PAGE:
Can the Rife machine treat cancer?
There is no evidence that Rife machines have any effect on cancer or can cure HIV. Some newer studies suggest that other types of electromagnetic waves may affect tumor growth. However, these frequencies are different from those the Rife machine produces.
In this article, we discuss what Rife machines are and whether there is any evidence that they can treat cancer. We also cover side effects and risks and considerations.
What is a Rife machine?
A Rife machine passes electromagnetic frequency through the body.
American scientist Royal Raymond Rife invented the Rife machine during the 1920s and 1930s. The machine he developed produces very low energy electromagnetic waves that are similar to radio waves and undetectable to the human ear.
A typical Rife machine includes a controller box and two electrical pads, which a person either attaches to their hands or feet. The device passes electromagnetic frequency through them and into the body.
Proponents of the Rife machine believe that people can treat diseases, such as cancer, by using this device for a few minutes each day multiple times a week.
Other names for Rife machines include Rife frequency generators and Rife ray machines. Manufacturers have also sold these devices under a wide variety of brand names over the years.
What are its claims to curing cancer?
Rife based much of his ideas on the work Dr. Albert Abrams, another scientist who invented similar machines. Abrams claimed that diseases gave off a specific electromagnetic frequency, a theory that he named "radionics."
Rife invented several optical microscopes, which he believed could visualize the auras of living microbes, including viruses that no other microscopes at the time could detect. Rife also claimed that he could use the color of the auras to calculate the electromagnetic frequency of these microbes.
Rife theorized that these microbes were responsible for cancer and lived inside of the tumor cells. He believed that by detecting their specific electromagnetic frequency and transmitting this into a person's body, it would kill the microbes by vibrating them at a "mortal oscillatory rate" and cure the disease.
What does the evidence say?
According to a 2013 review, no scientific evidence shows that the Rife machine or other similar devices can treat cancer. The American Medical Association condemned Rife's experiments at the time, and independent researchers were unable to replicate the claims he made in his work.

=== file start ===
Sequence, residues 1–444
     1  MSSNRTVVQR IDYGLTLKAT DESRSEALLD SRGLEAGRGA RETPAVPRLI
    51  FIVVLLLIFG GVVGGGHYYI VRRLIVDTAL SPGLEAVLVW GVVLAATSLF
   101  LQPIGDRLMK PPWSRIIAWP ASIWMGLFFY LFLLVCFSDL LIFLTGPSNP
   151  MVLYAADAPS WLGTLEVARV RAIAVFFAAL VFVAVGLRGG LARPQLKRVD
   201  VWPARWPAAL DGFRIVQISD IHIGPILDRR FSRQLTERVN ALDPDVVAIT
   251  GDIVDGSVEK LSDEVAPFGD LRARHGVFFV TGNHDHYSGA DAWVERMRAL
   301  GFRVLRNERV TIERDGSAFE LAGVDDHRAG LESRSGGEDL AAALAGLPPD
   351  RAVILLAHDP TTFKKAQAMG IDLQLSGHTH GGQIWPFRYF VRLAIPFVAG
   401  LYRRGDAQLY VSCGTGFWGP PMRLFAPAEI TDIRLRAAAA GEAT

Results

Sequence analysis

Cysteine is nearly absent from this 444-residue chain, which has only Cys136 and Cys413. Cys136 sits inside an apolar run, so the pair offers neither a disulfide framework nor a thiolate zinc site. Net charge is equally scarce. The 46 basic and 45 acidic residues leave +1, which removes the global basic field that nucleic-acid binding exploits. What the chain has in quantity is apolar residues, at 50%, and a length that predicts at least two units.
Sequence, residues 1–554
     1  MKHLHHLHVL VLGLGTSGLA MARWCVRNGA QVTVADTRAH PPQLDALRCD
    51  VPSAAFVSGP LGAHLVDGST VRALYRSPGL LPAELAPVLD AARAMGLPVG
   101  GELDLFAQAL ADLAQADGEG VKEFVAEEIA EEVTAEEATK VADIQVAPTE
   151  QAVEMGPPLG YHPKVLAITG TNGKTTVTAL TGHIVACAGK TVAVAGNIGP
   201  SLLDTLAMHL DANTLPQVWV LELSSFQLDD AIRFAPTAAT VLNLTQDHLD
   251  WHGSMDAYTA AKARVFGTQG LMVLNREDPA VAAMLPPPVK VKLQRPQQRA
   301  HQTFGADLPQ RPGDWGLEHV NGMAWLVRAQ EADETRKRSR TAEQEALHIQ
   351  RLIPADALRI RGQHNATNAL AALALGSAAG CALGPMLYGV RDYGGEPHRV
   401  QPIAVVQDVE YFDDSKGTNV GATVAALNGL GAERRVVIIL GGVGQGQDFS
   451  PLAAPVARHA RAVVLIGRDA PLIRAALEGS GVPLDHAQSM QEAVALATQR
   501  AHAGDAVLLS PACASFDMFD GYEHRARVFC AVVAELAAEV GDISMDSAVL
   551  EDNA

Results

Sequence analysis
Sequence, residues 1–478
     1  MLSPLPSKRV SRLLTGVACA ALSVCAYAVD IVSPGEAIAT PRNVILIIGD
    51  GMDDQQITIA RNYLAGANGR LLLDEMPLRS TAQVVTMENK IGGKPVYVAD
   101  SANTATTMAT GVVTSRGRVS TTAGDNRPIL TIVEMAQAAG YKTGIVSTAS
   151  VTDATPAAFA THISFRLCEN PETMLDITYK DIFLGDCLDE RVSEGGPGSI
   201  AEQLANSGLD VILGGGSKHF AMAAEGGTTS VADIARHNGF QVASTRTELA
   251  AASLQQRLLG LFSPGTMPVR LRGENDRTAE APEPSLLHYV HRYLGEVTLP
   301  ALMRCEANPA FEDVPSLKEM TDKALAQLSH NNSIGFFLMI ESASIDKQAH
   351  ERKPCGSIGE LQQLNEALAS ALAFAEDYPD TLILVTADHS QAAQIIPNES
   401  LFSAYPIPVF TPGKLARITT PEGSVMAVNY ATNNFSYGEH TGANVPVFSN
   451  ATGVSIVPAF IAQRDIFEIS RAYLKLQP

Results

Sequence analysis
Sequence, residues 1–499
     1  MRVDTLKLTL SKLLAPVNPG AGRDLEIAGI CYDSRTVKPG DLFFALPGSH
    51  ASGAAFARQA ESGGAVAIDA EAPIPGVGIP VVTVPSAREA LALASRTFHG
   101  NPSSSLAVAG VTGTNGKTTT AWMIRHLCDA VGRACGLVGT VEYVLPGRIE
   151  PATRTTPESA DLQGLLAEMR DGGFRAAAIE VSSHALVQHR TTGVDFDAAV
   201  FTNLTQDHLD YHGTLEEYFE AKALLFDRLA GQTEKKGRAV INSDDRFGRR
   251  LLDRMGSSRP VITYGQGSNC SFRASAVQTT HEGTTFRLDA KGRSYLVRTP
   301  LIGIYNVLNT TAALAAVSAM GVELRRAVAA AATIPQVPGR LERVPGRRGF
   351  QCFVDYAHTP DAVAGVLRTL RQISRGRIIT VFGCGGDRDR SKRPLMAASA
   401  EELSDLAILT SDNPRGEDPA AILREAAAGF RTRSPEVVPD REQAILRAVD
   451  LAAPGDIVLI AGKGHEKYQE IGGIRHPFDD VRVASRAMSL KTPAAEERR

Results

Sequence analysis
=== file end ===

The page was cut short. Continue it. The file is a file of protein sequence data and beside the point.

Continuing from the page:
More recent research does suggest that electromagnetic frequency may have a place in cancer treatment. However, these frequencies are different from those the Rife machine emits.
For instance, a 2012 study published in the British Journal of Cancer found that specific electromagnetic frequencies prevented some cancerous cells from growing without affecting normal cells. The researchers carried out these experiments in test tubes, which is not the same as studies in animals or humans.
In a 2016 review, the authors looked at studies into the use of electromagnetic frequency for treating cancer. They noted that in some animal studies, specific frequencies blocked new cancer cells from forming and inhibited tumor growth.
The authors of the review also suggested that specific frequencies may modulate the immune system and boost its natural ability to fight off cancerous cells.
While the authors only found two human studies into the use of this technology, they concluded that these studies suggest that electromagnetic frequency therapy is safe, and results are promising. However, scientists need to carry out further research to support these findings.
It is important to note that none of these studies used the Rife machine or the same electromagnetic frequencies that it emits.
While there is no evidence that using a Rife machine can treat cancer, there is also minimal risk of side effects.
However, Rife machines can vary considerably in quality and design. Some people have reported experiencing electrical shocks when using a Rife machine. Others have developed rashes or skin irritation from the electrical pads, particularly if they use glue.
Risks and considerations
A person should seek advice from their doctor about alternative cancer treatments.
Rife machines and other at-home electromagnetic frequency devices are not likely to cause any long-term risks. The electromagnetic frequency they emit is very weak, sometimes too weak to even penetrate the skin.
However, people must consider the quality of the machine. There is no standard or regulation for Rife machines, and virtually anyone can make one. This means that the quality and construction of these machines can vary considerably.
Low-quality machines may put a person at risk for electrical shocks and burns, or the device may not be electrically safe.
The most significant risk of using a Rife machine is if a person delays standard cancer treatments. There is no evidence that Rife machines can treat cancer or any other disease.
Early treatment of most types of cancer can significantly improve a person's outlook. Delaying medical treatment can lead to the cancer spreading to other parts of the body, making it more challenging to for doctors to treat.
A Rife machine is a device that delivers a low energy electromagnetic frequency into the body, usually through the hands or feet. Proponents claim that the device can cure cancer and other conditions, such as HIV.
However, there is no scientific evidence that Rife machines can treat any disease, including cancer. The quality and construction of these devices can also vary considerably, and low-quality machines may be unsafe.
Delaying medical treatment of cancer can also increase the risk of the cancer spreading to other parts of the body and becoming more difficult to treat.
People who are interested in alternative treatment methods for cancer should speak with their doctor first to discuss their options.